As a key figure in literature, William Shakespeare has long been given a prominent position in the curriculums of high schools across the world. However, there is an ongoing debate as to whether or not his plays and sonnets should continue to be included in high school English classes. In this article, we will explore both sides of the argument.
Why Shakespeare Should be Taught in High School
One of the most significant arguments in favor of teaching Shakespeare is the educational value his works provide. Studying his plays and sonnets helps students develop their critical thinking, analytical, and verbal communication skills. Through his complex characters, intricate language, and timeless themes such as love, death, and betrayal, Shakespeare’s works challenge students on multiple levels.
Shakespeare is considered one of the most significant figures in English literature and his cultural significance extends beyond just his plays and sonnets. His work has influenced countless writers, poets, and artists in subsequent centuries. The study of Shakespeare also grants insights into English history and culture.
Preparation for College and Life
Studying Shakespeare is an excellent preparation for college and life in general. Colleges and universities usually require at least one Shakespeare course as part of their English program, and a solid foundation in Shakespeare will give students an edge over their peers in terms of both critical thinking and academic achievement.
Arguments Against Teaching Shakespeare in High School
Difficulty of Language
One of the main arguments against teaching Shakespeare in high school is the difficulty of his language. Shakespearean English is challenging not only because of the vocabulary but also because of the grammar and syntax which are vastly different from modern English. This poses a severe challenge for high school students and can be a turn-off for some of them.
Cultural and Historical Divide
The works of Shakespeare were written hundreds of years ago, and they reflect a culture and society vastly different from the one today’s high school students live in. The lack of understanding and familiarity with Shakespeare’s time, culture, and social norms could make it difficult for students to relate to his work in a meaningful way.
Other Literary Options
Finally, there is the argument that there are many other worthy works of literature that could replace Shakespeare in the high school curriculum without compromising educational standards. Choosing a more contemporary work may be easier for students to relate to and foster a broader understanding of modern issues.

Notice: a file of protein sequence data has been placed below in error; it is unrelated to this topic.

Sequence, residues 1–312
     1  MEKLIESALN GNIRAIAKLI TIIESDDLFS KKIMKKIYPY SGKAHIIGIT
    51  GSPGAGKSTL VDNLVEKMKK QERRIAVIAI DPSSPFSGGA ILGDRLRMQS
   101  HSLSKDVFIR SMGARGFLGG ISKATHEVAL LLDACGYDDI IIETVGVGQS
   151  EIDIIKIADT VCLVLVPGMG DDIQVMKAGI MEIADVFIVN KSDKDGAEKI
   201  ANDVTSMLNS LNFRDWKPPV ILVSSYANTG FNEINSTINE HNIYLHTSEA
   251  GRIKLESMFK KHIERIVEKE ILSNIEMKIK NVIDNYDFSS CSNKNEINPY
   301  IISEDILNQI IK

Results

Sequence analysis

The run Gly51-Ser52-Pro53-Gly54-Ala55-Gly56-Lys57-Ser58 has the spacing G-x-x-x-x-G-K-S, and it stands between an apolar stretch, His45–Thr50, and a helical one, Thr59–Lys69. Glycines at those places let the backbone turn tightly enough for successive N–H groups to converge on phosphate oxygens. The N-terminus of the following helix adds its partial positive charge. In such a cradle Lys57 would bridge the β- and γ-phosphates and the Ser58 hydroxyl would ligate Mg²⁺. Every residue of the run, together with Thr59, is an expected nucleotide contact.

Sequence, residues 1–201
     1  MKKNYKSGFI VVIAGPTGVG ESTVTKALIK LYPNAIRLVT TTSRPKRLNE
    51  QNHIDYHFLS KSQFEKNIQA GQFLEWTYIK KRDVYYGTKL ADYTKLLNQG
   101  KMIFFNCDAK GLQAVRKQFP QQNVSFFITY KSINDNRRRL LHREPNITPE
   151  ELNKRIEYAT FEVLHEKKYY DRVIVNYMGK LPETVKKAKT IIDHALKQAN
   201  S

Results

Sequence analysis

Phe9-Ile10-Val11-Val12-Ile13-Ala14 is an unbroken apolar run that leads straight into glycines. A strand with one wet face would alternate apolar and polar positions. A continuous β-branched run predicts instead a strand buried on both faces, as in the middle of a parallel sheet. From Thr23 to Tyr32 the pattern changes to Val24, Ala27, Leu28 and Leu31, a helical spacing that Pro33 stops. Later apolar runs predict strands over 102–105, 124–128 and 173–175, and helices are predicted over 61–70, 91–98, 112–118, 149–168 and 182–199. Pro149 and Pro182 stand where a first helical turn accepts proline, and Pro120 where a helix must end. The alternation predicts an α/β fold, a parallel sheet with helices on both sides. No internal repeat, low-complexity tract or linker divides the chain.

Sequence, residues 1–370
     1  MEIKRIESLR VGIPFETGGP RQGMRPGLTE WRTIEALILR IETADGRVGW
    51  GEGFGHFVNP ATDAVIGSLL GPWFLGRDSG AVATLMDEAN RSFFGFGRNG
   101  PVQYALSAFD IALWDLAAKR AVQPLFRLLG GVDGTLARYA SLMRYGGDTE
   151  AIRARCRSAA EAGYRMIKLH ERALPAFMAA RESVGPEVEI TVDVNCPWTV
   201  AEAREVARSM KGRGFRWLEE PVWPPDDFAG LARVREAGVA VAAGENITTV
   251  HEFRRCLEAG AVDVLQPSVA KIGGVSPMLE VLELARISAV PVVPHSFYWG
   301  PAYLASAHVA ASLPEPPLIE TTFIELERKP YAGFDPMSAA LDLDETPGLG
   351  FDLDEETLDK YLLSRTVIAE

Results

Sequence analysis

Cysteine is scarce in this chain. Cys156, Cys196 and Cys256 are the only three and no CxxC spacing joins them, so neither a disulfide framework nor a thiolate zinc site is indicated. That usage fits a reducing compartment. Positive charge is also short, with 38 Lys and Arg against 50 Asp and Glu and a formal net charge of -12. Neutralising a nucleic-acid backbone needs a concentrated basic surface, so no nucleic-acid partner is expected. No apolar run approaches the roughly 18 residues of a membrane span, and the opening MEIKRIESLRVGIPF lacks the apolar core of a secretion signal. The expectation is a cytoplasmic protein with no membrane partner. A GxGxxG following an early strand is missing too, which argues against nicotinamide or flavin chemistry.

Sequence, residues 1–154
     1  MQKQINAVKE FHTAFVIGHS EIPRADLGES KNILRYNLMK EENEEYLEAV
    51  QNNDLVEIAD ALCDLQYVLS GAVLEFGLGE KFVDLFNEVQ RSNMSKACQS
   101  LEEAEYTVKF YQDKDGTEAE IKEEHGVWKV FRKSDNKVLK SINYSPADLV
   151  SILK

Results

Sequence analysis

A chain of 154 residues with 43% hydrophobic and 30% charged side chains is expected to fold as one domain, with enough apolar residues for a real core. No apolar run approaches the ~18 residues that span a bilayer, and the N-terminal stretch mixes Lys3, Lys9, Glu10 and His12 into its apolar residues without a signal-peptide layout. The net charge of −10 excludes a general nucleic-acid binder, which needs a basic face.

While the debate over whether or not to teach Shakespeare in high school may continue, his work’s cultural significance and the educational value they provide make a strong case for their inclusion in high school English classes. At the same time, the challenges inherent in studying Shakespeare and the availability of other literary options suggest that educators must also be open to alternative approaches to teaching literature.
- Shakespeare’s works provide educational value by fostering critical thinking, analytical, and verbal communication skills.
- The cultural significance of Shakespeare’s works extends beyond his plays and sonnets.
- Studying Shakespeare can prepare high school students for college and life.
- The difficulty of the language, cultural and historical distance, and availability of other literary options are some of the reasons against teaching Shakespeare in high school.
- The debate on whether or not to teach Shakespeare in high school should continue to encourage the exploration of alternative approaches to teaching literature.
Is it necessary to study Shakespeare in high school?
It’s not necessary but studying Shakespeare offers a great opportunity to develop critical thinking, analytical and verbal communication skills. It also offers insights into English culture, history, and literature which are invaluable.
Isn’t Shakespeare too hard for high school students?
Shakespeare’s language can indeed be challenging for high school students, but with the right approach, resources, and support, students can overcome the difficulty and gain a significant understanding of his work.
Is there any alternative to studying Shakespeare in high school?
There are many other literary options available that could replace Shakespeare in the high school curriculum without compromising educational standards. The choice depends on the goals, priorities, and interests of the educators and students involved.